Humanity’s impact upon the Earth has been blamed for the destruction of the rain forests, pollution in the atmosphere, global warming, melting icecaps, and many more issues than can be counted on both hands. Despite the heightened awareness for such issues, various conservation efforts seem to have little impact on the overall problems, and new issues pop up all the time. The newest global warming report released by NASA says that it threatens an impact on all of humanity, as they report that the Earth is beginning to run out of water, specifically freshwater.
According to News Limited in Australia, humanity’s use of water from the 37 major aquifers in the Earth has led to the drainage of nearly 33 percent of the water sources that supply drinking water to the planet. The actual amount of remaining groundwater in the aquifers is unknown, which leads to potentially dangerous and deadly circumstances as the depletion nears and plans to acquire drinkable water are not prepared properly and with enough time to enact. Jay Fanglietti works for the University of California, Irvine, as a professor and as a senior water scientist at NASA’s jet propulsion laboratory. He fears that without a coordinated effort, the Earth could easily begin to resemble the circumstances depicted in the Mad Max movies.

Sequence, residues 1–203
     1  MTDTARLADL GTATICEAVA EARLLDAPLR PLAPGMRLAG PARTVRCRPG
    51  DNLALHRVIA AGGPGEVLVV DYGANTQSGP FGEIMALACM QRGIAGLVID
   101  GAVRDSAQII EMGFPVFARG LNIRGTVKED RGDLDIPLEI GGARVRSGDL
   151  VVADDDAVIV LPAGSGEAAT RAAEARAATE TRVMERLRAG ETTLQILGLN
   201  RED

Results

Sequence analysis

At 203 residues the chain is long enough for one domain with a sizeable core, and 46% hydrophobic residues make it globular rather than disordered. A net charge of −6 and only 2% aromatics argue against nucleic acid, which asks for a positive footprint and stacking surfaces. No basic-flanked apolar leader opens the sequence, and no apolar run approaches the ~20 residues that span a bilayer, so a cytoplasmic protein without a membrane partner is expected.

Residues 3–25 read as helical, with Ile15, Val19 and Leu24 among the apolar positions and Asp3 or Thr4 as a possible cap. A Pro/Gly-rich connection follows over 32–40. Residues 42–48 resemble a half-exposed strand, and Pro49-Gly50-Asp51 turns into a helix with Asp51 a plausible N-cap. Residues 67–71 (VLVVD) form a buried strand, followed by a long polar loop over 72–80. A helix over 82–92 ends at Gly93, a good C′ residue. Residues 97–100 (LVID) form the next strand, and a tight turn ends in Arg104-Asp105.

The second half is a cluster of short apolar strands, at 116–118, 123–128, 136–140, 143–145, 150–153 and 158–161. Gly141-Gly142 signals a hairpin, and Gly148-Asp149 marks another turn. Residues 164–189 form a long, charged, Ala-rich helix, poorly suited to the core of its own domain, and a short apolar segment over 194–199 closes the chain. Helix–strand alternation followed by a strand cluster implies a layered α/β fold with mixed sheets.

“Available physical and chemical measurements are simply insufficient. Given how quickly we are consuming the world’s groundwater reserves, we need a coordinated global effort to determine how much is left.”
The Washington Post reports that of the 37 major aquifers, 21 have passed the point of sustainability. Fanglietti shared his concern by saying, “the situation is quite critical,” since the aquifers supply nearly 35 percent of the planet’s water supply for drinking and other uses by humans.
NASA’s GRACE satellites were used to measure the water supply and reach the conclusion of how drastic the situation has become. However, the satellites do have limited capability in determining just how large the supply of underground water is, which does leave the disappearing ground water open for debate.
California’s drought has been the most prevalent case of low water tables in the news, as residents of the state work diligently to conserve the water they have in lieu of watering lawns and filling pools.
Although some of the water used does siphon back into the aquifers, such as the water that is consumed, used to irrigate crops, or used in emergency scenarios such as fires, much more evaporates into the atmosphere and much of it ends up in the oceans, where it mixes with the salt water and becomes undrinkable.
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